[C]ollaborative poetry in the rengay form. A brief intro to the form created by Garry Gay, with links to several other Rengay articles and copious examples. By Michael Dylan Welch.
Rengay Verse Form
Extensive discussion by Joan Zimmerman, with examples. Explains the differences between rengay and renga/renku.
Renku Home
William J. Higginson's extensive explanations of renku (Haikai no renga) and other linking patterns. Includes an article on the differences between renga and renku.
Ariadne Unst's The Rubáiyát Verse Form. One of the more understandable explanations of this pattern.
The original home of English-language sijo on the web, a part of Larry Gross's extensive theWORDshop. Explanation and history of classical sijo, with abundant examples and links to other pages.
Elizabeth St Jacques' excellent and extensive site for sijo.
Introduction to Sijo
A lecture presented by Professor David McCann of Harvard University, sponsored by the Chicago Public Library and Sejong Cultural Society, April 10, 2010. Includes definition of the form and both classical and contemporary examples. Very helpful.
Email forum for posting sijo and related discussions. Friendly to beginners and open to all. Hosted by Larry Gross.
A new site under development by the Sejong Cultural Society provides sijo examples and helpful links.
Tan Renga
Larry Gross's The World of Tan Renga explains the form and provides examples.
Joan Zimmerman's introduction to The Tanka Verse Form.
From the Stylus Poetry Journal comes this very informative article by Janice M. Bostok explaining the nature and history of tanka and its relationship to waka, renga and tan renga.
Informative definitions, articles and history, with examples and links to other sites. From AHApoetry.
Richard MacDonald's What Is A Tanka?, with historical background on tanka, sedoka and choka.
American Tanka
Journal founded in 1996; dedicated exclusively to contemporary English-language tanka. You'll find a definition of tanka in the History link.
Tanka and Sijo
Neca Stoller's definitions and examples of tanka, sedoka, sijo and haibun, with links to other sites and markets.
Created by Betty Ann Whitney, this seven-line verse based on Japanese patterns contains 3, 4, 3, 4, 3, 4, 7 syllables respectively. From Sol Magazine


All American: Glossary of Literary Terms
Alphabetical compilation by students at the University of North Carolina at Pembroke.
Bob's Byway's Glossary of Poetic Terms
Probably the most widely-known and most-used glossary on the Internet, with cross-references and informative sidelights.
Craft of Poetry
A course taught at the U of Northern Iowa; provides clear definitions and illustrations of 7 poetry forms and 7 important poetry characteristics: Style, Repetition, Rhyme & Music, Line & Meter, Imagery, Form, and Tradition.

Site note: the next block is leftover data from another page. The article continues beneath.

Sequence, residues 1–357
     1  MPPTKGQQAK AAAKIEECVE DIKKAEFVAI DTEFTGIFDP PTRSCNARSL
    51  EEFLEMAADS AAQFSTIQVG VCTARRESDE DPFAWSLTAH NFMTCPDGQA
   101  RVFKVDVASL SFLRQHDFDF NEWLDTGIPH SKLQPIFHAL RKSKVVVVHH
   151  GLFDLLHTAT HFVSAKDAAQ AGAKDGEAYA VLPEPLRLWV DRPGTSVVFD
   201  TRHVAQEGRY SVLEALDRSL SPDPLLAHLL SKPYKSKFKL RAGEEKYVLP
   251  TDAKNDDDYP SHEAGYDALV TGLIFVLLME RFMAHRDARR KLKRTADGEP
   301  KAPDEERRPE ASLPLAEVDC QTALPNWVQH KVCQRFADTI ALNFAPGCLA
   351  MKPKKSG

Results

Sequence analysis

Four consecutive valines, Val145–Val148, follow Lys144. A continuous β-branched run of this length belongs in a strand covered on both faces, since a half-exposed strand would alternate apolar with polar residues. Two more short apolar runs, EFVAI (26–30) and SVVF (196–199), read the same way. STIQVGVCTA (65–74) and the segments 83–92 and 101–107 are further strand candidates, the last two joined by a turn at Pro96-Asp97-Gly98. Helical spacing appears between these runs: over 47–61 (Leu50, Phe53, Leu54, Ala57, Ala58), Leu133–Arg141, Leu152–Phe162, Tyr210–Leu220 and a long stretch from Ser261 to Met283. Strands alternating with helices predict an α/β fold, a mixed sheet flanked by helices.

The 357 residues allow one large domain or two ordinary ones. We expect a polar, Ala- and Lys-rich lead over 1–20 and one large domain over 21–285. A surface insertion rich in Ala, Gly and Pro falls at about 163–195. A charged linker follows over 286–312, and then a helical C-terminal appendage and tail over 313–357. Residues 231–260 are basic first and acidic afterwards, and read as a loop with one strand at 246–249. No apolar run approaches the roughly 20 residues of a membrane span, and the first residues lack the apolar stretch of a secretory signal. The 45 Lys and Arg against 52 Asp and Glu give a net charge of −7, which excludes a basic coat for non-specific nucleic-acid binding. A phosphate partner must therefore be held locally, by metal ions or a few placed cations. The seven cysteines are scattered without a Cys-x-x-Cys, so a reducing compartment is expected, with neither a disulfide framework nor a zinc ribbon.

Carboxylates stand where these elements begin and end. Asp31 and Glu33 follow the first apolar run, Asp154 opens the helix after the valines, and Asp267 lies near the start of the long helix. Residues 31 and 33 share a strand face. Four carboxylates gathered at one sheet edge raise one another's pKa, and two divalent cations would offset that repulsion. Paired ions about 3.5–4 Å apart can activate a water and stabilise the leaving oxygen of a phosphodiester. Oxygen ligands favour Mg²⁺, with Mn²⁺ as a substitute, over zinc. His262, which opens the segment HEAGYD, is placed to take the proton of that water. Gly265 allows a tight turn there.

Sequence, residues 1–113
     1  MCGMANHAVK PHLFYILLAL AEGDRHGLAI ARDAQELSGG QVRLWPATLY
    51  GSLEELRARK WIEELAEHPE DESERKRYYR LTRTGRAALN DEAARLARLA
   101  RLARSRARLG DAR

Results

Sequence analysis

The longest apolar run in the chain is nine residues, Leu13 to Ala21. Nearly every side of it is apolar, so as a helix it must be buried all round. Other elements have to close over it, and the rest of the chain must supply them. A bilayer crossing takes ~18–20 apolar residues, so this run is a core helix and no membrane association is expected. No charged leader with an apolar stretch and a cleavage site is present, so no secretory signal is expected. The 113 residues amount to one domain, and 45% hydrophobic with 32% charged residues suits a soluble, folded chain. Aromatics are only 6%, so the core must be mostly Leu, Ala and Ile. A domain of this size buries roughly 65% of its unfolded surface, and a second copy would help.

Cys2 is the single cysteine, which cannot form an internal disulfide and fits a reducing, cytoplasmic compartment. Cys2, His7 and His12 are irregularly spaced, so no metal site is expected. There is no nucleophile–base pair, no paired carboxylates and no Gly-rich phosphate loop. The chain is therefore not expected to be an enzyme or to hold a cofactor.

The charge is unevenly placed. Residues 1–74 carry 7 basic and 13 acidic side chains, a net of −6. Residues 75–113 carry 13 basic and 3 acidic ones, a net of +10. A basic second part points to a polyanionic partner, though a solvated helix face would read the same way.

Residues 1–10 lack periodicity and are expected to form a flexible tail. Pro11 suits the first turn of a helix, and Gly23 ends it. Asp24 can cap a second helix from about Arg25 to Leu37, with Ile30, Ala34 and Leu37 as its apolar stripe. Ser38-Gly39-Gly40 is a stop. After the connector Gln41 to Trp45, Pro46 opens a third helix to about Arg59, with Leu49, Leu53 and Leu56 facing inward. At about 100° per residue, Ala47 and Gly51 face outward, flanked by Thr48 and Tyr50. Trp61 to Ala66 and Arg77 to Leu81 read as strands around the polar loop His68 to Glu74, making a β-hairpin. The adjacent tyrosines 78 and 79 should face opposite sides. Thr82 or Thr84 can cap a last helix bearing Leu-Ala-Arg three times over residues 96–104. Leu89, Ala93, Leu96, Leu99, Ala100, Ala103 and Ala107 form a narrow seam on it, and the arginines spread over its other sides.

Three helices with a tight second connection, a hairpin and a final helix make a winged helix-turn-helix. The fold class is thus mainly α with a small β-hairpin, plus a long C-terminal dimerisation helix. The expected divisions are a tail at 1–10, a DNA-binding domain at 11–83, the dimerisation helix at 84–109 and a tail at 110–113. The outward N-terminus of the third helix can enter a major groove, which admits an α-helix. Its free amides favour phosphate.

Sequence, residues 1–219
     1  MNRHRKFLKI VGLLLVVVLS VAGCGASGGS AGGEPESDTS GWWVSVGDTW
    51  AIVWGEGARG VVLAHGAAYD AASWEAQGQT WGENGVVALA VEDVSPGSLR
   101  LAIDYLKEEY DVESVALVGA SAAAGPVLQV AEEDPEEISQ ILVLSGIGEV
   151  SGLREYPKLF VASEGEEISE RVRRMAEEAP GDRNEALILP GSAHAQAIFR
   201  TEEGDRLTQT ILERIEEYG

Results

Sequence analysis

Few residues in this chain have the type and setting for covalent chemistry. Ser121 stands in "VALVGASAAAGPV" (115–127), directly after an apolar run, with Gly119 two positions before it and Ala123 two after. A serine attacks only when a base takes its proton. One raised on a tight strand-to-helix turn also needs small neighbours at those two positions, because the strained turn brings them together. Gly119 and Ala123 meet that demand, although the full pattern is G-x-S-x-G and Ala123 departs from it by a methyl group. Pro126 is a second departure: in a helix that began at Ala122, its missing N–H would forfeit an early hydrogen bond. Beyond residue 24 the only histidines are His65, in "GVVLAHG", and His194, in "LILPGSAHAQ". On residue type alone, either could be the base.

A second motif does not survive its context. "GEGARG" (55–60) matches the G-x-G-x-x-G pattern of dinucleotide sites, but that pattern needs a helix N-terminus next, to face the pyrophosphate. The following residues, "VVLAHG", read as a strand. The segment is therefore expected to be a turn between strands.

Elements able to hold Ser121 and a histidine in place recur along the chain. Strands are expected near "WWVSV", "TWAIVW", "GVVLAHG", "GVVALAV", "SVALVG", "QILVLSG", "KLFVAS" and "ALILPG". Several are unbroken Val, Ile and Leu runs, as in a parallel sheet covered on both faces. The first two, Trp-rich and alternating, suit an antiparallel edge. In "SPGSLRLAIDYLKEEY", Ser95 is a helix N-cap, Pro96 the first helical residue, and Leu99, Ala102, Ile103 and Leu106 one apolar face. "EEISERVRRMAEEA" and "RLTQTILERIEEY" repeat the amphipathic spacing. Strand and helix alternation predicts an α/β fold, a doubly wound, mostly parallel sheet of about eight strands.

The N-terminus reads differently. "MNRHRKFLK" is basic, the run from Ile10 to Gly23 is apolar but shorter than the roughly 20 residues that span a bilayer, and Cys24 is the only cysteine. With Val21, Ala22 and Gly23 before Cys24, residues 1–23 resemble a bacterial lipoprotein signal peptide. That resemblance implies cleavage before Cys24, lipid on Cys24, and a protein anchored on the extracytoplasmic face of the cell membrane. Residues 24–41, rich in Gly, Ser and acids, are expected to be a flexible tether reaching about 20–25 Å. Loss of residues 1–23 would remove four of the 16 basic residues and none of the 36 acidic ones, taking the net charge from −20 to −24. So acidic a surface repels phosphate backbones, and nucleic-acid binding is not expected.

Dictionary of Literary Terms
Fairly extensive list by Joel Sommer Littauer, with abundant examples from poetry.
Gale's Glossary of Literary Terms
Extensive,reliable glossary with extensive cross-references.
Glossary of Literary and Rhetorical Terms
Compiled by Prof. Jack Lynch of Rutgers University. The section on poetry is limited, but offers pathways to other literary terms plus useful sections on literary history, genres and theory. Arranged by categories.
Glossary of Literary and Rhetorical Terms
Another list by Jack Lynch, this one arranged alphabetically.
Glossary of Literary Terms
Prof. Robert Harris's extensive and reliable glossary, with easy access to its companion site, Handbook of Rhetorical Devices. Easily searchable:
Glossary of Poetic Terms
Extensive list from the U of Toronto English Library (UTEL). Thorough illustration of various sonnet forms.
Handbook of Rhetorical Devices
Extensive dictionary of rhetorical devices and figurative imagery. Companion site to Harris's Glossary of Literary Terms. Each has entries not found in the other.
Literary Terms
Lilia Milani's Brooklyn College course guidelines; relatively brief list, but clear and concise. Includes a few examples and links to more.
Extensive list of terms, though most descriptions are brief. From Bedford/St. Martin's Publ.
The Poets Garret
Not a glossary exactly. It offers clear, understandable history and background to poetic styles and forms from around the world, then defines the styles and forms and, in most cases, gives examples. By Terry Clitheroe.
Virtual Classroom Glossary of Literary Terms
Definitions of terms used in the Virtual Classroom for English, University of Cambridge.